The following describes the progressive order of instruction for the Department of Physiology and Biophysics graduate programs.
A major objective of the first year is the selection of a laboratory to conduct dissertation research. The process for selection of a laboratory for research studies begins either the summer before or during Year 1 of actual formal course work.
During this time, the student will register for Physiological Concepts (PHYSIO 702) and will rotate through the laboratories of the physiology faculty, spending one week in each laboratory. The course will consist of reading and hands-on research relevant to the research activities of the laboratory. Faculty members will serve as tutors for the reading material during the laboratory rotations and the reading material may be chosen to emphasize particular areas of research or to provide general background information in biomedical sciences.
The purpose of this course is to provide an opportunity for each student to become familiar with the research activities of the physiology graduate faculty. After these rotations, the student, in consultation with the graduate program director, will select at least 3-4 potential advisers whose research goals are of interest to the student. The student will spend approximately two months in research activities in the laboratory of interest (PHYSIO 707). These rotations will normally be completed prior to beginning the second year. After completing the laboratory rotations, the student will chose an adviser from the graduate faculty who will be responsible, along with other members of the graduate advisory committee, for designing the rest of the student's curriculum.
In consultation with the major adviser, a graduate advisory committee will be formed. This committee is composed of graduate faculty from the department of physiology, one member from outside the department, and is chaired by the major advisor. This committee plays a major role in planning the student's research and dissertation. Prior to forming the graduate advisory committee, the graduate program director will assume the major responsibility for the student's academic program.
A second major goal in the first year is the attainment of basic knowledge in biomedical sciences. The exact curriculum of each student will be designed according to his/her background and specific interests. See Courses for a typical plan of study.
All graduate students in physiology are required to attend weekly departmental seminars. These seminars provide the latest update on physiological research conducted within and outside the department. During the second year, or shortly thereafter, students will be expected to present at least one seminar/year in the weekly departmental seminar program or in special seminars. An important objective of the seminars is to provide the student with the opportunity to develop skills in public speaking and in presenting scientific papers.
In general, during the second year of the graduate program, all course work is completed and an increasing amount of time is spent in the laboratory. Students are encouraged to work on one or more research projects before selecting a final subject for dissertation research. Most course work during year two will include advanced courses in different areas of physiology, particularly in the areas of cardiovascular and renal physiology (see Course Descriptions).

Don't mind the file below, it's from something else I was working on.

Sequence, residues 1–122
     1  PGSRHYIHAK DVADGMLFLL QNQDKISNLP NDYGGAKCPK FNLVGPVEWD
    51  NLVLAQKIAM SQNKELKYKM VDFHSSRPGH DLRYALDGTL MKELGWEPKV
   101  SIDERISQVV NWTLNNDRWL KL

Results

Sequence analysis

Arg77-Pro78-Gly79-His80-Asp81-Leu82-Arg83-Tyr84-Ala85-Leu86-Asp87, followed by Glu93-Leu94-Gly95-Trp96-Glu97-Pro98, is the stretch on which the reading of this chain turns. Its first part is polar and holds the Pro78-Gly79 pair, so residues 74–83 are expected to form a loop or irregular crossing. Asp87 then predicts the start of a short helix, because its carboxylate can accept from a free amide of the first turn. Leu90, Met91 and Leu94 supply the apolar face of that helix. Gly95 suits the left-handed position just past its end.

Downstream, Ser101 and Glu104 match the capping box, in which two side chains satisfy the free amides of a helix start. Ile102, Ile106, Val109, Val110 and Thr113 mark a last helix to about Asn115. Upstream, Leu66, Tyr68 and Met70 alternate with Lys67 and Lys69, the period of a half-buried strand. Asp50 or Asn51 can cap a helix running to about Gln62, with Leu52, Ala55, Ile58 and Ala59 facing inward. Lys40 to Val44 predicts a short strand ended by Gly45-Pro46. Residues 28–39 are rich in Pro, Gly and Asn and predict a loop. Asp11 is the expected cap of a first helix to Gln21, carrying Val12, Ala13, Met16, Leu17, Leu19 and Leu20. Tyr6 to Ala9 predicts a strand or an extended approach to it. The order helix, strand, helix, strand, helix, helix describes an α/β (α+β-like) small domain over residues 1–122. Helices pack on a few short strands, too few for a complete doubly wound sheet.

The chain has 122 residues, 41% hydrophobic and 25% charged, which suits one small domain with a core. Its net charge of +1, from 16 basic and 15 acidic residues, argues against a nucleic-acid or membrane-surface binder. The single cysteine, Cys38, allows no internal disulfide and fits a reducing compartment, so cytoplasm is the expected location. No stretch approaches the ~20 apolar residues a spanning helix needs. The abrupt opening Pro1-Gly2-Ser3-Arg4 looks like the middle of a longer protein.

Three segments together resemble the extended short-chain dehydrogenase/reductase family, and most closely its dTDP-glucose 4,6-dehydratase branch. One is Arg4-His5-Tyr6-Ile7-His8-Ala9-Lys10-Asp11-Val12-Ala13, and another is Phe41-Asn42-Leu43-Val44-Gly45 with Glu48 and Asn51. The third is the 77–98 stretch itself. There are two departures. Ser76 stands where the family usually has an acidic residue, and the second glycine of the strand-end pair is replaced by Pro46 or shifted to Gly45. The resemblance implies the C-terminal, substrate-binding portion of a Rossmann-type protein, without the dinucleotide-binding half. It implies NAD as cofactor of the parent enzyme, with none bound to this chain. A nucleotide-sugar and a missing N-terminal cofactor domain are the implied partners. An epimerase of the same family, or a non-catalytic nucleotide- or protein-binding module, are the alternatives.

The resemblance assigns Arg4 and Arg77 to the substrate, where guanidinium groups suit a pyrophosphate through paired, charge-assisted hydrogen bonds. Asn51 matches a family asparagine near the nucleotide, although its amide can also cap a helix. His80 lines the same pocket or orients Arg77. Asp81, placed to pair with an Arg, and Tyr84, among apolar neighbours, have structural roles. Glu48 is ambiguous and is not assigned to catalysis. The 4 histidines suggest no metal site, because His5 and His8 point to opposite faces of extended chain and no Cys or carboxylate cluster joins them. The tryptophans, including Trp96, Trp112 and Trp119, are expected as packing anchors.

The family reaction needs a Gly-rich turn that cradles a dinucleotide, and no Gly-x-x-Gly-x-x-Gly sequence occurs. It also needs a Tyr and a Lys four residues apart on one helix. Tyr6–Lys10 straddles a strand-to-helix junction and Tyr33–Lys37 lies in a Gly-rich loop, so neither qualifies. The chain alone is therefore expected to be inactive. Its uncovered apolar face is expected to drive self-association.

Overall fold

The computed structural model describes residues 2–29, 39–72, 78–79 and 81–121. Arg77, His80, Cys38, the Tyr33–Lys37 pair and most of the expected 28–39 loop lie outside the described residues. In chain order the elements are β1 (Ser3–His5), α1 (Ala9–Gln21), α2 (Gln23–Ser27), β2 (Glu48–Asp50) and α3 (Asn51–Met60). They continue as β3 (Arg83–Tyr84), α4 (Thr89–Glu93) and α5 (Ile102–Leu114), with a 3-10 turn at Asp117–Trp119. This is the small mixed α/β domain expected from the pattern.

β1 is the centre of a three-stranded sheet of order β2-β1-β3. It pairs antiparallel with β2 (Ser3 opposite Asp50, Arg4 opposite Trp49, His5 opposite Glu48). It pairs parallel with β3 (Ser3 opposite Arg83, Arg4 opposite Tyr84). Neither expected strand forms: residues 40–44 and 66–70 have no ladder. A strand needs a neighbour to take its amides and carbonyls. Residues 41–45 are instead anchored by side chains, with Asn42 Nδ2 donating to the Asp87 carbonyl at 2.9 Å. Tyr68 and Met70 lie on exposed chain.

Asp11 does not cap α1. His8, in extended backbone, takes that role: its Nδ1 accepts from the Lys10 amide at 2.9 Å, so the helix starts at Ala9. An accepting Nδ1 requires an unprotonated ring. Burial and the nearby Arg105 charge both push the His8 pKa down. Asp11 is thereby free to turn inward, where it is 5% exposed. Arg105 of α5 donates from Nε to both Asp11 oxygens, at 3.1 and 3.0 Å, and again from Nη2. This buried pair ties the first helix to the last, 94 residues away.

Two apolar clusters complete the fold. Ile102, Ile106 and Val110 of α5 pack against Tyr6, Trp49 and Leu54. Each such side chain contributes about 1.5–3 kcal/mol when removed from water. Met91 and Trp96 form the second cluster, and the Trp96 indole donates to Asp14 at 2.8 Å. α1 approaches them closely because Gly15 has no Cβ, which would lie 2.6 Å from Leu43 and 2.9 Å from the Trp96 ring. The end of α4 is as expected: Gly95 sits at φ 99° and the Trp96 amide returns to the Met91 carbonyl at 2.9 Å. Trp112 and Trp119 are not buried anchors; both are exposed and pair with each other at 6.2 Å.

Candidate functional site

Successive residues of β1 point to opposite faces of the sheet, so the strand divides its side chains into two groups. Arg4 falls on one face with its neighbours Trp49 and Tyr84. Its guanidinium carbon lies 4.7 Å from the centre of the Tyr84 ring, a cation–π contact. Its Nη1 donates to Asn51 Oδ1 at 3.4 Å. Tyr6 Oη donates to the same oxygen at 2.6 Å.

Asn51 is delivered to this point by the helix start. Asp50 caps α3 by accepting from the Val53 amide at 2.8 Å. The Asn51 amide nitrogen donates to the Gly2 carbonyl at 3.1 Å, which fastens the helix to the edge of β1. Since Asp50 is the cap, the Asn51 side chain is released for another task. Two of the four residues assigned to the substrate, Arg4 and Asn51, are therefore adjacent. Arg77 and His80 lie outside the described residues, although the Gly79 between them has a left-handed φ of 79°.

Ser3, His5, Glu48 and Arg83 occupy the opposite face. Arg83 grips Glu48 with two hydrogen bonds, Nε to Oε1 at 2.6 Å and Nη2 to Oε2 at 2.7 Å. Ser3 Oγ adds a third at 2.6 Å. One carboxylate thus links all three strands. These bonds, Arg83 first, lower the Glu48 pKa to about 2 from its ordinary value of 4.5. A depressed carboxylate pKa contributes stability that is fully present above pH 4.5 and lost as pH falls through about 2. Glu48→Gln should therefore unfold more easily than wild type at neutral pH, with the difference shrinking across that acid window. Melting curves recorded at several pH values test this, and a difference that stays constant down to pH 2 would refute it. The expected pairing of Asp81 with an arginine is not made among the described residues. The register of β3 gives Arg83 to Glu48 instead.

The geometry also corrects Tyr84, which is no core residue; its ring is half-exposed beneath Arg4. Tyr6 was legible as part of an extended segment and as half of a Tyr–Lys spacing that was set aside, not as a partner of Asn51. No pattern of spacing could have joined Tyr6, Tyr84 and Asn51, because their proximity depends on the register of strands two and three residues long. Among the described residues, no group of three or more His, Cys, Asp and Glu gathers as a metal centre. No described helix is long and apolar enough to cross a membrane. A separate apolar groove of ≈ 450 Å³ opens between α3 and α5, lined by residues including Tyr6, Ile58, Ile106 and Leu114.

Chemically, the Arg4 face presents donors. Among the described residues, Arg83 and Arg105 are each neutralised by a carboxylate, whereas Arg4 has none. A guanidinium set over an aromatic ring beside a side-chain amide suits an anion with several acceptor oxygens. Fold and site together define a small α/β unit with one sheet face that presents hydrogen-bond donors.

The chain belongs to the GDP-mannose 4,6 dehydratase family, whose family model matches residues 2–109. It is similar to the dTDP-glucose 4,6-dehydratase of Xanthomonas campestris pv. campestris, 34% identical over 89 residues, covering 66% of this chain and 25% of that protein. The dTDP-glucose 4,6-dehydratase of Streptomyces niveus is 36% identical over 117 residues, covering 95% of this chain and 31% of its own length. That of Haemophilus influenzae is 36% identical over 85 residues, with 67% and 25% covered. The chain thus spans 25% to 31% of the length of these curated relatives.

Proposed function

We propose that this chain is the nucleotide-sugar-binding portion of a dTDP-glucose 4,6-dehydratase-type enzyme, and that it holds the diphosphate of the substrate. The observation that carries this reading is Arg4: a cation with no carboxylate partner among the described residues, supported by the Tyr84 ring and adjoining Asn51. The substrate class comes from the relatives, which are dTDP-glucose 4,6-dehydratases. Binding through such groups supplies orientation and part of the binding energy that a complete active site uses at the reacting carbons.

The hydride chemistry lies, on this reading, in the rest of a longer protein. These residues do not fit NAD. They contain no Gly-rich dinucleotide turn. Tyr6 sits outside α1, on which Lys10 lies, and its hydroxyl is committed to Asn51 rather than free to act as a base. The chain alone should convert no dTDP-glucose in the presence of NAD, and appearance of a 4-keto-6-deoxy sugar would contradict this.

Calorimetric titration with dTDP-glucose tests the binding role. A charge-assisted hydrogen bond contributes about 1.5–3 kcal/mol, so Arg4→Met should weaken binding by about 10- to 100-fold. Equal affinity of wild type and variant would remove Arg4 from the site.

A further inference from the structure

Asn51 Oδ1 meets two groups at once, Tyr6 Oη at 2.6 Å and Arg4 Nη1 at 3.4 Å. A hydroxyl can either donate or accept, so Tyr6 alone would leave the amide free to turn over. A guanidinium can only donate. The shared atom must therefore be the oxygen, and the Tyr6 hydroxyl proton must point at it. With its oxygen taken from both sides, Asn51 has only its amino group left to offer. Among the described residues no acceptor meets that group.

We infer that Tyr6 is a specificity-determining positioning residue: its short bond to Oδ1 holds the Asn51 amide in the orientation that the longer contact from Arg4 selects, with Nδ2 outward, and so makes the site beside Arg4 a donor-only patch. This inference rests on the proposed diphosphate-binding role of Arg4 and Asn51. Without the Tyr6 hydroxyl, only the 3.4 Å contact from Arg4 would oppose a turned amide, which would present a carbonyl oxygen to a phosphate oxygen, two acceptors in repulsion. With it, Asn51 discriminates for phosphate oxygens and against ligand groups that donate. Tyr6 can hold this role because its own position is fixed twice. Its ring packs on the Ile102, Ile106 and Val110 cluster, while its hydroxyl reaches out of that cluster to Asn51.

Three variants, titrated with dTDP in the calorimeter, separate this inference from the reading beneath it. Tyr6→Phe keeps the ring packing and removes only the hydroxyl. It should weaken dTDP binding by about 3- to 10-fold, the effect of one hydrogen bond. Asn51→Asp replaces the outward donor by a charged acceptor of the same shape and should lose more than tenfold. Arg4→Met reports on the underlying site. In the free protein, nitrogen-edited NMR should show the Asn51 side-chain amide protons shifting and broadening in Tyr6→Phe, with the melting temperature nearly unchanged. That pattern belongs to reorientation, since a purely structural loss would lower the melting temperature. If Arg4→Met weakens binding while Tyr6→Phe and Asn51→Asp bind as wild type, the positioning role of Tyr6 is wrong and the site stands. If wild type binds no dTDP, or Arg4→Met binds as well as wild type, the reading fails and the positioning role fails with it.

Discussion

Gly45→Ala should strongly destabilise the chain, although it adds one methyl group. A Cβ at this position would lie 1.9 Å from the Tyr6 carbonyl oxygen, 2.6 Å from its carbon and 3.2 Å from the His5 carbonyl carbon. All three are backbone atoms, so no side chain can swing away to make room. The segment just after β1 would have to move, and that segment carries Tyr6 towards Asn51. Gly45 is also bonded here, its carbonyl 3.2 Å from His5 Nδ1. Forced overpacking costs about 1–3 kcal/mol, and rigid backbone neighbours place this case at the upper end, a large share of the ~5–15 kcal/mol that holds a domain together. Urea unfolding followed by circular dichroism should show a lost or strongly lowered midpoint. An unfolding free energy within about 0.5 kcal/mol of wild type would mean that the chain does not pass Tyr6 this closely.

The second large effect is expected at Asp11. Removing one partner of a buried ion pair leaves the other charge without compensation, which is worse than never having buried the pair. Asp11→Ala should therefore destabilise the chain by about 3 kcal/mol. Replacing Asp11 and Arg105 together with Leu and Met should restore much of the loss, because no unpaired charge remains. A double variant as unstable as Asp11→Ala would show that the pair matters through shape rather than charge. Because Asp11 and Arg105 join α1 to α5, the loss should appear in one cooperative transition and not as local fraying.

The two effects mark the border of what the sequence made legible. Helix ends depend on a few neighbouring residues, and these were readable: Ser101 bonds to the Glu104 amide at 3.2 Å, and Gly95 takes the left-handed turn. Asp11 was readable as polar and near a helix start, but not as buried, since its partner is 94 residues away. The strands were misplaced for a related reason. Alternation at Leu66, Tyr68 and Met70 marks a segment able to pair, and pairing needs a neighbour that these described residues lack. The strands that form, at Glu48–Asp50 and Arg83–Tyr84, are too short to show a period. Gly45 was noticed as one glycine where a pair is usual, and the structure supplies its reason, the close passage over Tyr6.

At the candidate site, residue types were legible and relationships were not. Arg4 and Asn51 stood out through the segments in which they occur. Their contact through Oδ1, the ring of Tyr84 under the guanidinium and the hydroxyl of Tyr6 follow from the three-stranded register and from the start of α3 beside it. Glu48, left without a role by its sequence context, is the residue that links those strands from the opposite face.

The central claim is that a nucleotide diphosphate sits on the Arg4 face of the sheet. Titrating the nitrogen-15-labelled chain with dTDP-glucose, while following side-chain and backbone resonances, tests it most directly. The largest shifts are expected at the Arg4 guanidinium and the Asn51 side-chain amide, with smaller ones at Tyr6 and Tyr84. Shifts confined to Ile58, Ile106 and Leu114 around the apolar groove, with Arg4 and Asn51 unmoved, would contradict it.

Typically at the end of Year 2 or the beginning of Year 3, students will be expected to pass a preliminary examination to evaluate the preparedness of the doctoral candidate for the qualifying exam. This examination may be oral and/or written and will be administered by the members of the graduate faculty including the major advisor. This examination will cover, in depth, all areas of physiology, including systems physiology, cellular and molecular biology, and other areas related to physiological research such as pharmacology, biochemistry, statistics, neurobiology, etc. Satisfactory performance is required before the candidate is permitted to schedule the qualifying examination.
After completion of the preliminary examination, the qualifying examination will be scheduled (usually within one month) to determine the acceptability of a candidate for a doctoral degree. The examination will cover all areas of physiology as well as other biomedical science courses. The examination may be oral and/or written.
Immediately following successful completion of the qualifying exam, the student will write a review of the literature directly related to his/her dissertation topic.
During most of the remainder of the graduate program, students will focus on completing research studies for their dissertation. The student will be expected to give a written proposal and oral presentation to his/her advisory committee. This will permit the committee to evaluate the feasibility and scientific validity of the project. Subsequently, the research advisory committee will meet semi-annually to evaluate student progress. The committee will present a written report of their evaluation to the graduate program director.
Upon completion of the dissertation, a final oral dissertation defense is required. Another requirement for the PhD in physiology is to have the results of research conducted during the graduate program accepted for publication in a peer-reviewed journal. Most students complete all requirements for the PhD degree within 4-5 years.
In addition to research studies, students will continue to participate in the departmental seminar series. These seminars will reflect the progress they have made in their research studies and will help the student develop skills in presenting scientific papers in a clear and cogent manner.
Note: The graduate advisory committee for Physiology is formed after a student selects a major advisor (typically at the end of the first year of study).